This over-collateralization allows the protocol to mint more USDe and distribute it to the stakers of USDe, or holders of stUSDe, creating a sustainable yield generation mechanism for USDe.


Applause to Ethena Labs, since they are one of a few projects that are open to talking about the risks involved in USDe. Here is the list:

  • Funding Risk

Context: When the funding rates turn negative, and Ethena has to pay for long-position holders instead of being paid.

Solution: Funding rates are averagely positive in the long run. Using stETH as part of the collateral for the USDe stablecoin adds an extra layer of security through the 4-5% annual yield stETH earns. In simpler terms, the overall profit (yield) the protocol makes will only be negative if both the earnings from stETH and the earnings from funding rates together are negative.

When looking at the numbers, Ethena found that on only about 10.8% of days was the total yield negative when combining the stETH yield with the funding rate. This is a good outcome, especially when you compare it to the roughly 20.5% of days that experienced a negative funding rate without taking into account the yield from stETH.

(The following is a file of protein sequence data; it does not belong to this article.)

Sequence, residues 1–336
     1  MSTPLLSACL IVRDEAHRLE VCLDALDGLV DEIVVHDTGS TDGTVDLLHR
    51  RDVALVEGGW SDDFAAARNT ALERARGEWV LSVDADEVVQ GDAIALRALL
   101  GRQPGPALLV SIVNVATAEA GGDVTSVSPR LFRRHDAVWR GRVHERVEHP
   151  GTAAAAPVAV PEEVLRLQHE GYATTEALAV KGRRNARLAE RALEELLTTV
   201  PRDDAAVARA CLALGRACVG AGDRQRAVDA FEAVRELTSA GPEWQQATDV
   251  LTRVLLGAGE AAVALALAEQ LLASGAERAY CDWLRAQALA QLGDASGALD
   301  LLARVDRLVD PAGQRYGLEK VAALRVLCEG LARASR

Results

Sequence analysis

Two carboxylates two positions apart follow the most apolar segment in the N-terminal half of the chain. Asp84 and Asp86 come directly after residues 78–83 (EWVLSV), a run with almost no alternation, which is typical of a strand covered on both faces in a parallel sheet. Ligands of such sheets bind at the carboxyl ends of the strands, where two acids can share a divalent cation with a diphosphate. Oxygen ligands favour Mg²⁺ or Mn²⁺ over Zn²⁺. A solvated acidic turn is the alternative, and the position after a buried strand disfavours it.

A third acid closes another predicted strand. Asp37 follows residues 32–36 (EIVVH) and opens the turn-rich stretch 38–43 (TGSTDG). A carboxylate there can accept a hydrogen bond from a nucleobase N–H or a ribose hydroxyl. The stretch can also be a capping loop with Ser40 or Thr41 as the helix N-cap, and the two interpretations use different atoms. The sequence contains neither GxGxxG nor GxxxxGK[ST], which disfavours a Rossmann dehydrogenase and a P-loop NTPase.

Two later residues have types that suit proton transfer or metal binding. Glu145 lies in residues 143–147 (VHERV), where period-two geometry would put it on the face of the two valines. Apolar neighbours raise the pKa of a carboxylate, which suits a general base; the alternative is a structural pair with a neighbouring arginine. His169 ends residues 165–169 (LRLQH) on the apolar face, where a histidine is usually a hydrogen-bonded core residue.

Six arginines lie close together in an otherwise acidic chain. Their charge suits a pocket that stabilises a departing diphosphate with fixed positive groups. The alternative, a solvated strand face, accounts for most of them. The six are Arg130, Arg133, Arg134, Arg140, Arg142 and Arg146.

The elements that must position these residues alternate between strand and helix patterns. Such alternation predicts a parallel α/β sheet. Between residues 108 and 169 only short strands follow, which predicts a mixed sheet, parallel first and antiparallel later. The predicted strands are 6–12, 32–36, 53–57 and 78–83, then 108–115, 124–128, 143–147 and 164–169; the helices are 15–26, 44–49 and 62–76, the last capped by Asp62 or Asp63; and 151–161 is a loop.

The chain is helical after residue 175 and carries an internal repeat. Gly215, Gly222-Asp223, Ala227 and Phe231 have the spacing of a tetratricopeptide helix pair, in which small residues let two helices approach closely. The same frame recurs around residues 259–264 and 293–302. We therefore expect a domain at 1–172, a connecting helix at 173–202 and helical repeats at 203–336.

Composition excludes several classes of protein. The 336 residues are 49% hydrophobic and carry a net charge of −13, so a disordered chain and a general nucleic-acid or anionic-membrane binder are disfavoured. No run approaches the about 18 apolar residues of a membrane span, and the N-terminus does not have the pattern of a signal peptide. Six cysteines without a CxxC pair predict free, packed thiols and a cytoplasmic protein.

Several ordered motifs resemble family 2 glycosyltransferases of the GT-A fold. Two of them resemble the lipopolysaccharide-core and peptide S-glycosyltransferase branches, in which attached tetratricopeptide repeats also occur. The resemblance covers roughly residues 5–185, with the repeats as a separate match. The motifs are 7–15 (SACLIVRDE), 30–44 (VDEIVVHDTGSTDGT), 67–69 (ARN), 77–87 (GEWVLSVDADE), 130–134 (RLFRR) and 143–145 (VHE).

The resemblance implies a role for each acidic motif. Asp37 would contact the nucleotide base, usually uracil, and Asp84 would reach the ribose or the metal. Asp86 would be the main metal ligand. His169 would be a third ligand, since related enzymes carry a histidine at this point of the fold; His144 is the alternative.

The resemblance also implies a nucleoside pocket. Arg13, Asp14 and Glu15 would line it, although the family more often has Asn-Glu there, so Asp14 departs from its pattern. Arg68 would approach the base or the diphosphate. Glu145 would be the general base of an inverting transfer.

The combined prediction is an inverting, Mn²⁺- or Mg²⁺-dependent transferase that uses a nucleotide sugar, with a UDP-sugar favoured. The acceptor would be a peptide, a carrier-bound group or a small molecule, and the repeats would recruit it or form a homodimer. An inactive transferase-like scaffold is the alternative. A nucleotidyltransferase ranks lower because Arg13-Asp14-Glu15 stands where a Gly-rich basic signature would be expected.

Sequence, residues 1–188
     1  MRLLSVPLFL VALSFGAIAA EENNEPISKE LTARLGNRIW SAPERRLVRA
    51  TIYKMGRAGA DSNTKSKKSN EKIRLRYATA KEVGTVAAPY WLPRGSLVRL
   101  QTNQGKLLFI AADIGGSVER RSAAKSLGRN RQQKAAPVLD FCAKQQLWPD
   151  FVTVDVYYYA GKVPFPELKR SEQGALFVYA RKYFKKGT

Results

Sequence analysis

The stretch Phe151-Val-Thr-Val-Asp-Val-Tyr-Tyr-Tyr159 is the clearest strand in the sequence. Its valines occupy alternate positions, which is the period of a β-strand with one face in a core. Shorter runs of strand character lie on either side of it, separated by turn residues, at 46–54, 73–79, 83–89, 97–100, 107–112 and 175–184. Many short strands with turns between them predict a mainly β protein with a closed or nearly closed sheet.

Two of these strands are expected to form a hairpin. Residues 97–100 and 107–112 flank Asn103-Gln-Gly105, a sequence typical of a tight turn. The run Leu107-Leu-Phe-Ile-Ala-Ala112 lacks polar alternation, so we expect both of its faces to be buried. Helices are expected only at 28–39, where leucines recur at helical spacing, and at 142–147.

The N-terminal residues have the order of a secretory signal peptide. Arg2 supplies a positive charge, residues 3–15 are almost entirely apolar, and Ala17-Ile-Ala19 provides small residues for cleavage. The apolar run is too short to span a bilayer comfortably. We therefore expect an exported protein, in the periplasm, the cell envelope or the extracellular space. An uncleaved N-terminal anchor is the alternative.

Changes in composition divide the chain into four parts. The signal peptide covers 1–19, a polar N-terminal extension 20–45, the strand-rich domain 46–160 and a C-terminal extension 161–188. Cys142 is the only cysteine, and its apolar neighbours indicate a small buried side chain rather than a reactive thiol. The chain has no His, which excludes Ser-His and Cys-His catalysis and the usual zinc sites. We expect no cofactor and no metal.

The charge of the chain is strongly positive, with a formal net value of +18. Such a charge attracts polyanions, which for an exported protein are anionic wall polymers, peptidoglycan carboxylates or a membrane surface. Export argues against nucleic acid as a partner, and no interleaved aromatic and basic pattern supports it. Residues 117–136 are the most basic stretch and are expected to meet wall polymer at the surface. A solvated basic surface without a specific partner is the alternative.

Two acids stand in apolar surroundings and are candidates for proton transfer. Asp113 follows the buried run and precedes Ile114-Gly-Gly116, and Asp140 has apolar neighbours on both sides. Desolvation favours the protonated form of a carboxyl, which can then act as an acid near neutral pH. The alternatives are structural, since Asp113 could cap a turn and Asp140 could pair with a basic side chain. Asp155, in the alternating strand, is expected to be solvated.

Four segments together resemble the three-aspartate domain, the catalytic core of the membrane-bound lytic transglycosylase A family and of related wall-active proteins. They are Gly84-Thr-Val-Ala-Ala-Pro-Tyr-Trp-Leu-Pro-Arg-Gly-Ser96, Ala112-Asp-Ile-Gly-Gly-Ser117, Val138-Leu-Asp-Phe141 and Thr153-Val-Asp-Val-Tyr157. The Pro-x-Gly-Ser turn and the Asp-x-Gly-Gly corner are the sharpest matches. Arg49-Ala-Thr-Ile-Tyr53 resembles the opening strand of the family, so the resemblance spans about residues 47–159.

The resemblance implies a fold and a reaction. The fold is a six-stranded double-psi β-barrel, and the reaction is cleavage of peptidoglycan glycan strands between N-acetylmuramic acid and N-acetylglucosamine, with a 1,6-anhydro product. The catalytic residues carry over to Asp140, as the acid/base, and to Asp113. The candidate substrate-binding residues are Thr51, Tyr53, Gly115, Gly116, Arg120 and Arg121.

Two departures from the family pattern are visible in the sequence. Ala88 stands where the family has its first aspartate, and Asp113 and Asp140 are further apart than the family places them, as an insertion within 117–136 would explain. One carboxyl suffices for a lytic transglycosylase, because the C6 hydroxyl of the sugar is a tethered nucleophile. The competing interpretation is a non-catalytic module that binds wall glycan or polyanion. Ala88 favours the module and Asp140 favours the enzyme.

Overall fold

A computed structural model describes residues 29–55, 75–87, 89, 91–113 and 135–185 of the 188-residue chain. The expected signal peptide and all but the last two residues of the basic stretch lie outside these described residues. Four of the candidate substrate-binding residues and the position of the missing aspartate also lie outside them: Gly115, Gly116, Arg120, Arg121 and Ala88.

Source: Ethena Labs

  • Liquidation Risk

Context: When CEXs liquidate Ethena’s short positions.

Answer: If there’s a risk of losing money on their bets (hedging positions), Ethena will add more money or assets to these positions to make them safer. Ethena can shift the assets they’ve put up as collateral from one exchange to another as needed. Ethena also maintains a special reserve fund that can be rapidly deployed to support its hedging strategies on exchanges.

  • Partner Risk

Context: When the collateral custodians or Lido have some problems.

Solution: Depending on the problems they’re dealing with. If they’re being exploited or something that serious, there’s literally little chance to recover, though this kind of situation will be rare since Ethena’s partners are proven to be safe.

  • Exchange Failure Risk

Context: When CEXs are down like FTX.

Solution: Ethena has laid out a scenario when spot prices fall 20% in the event of an exchange failure, and for different levels of USDe supply, how much profit from their short positions would be left on that exchange that fails. The maximum loss of collateral would be 2.1%, in case Binance went down, and the funding fees that Ethena received could cover this.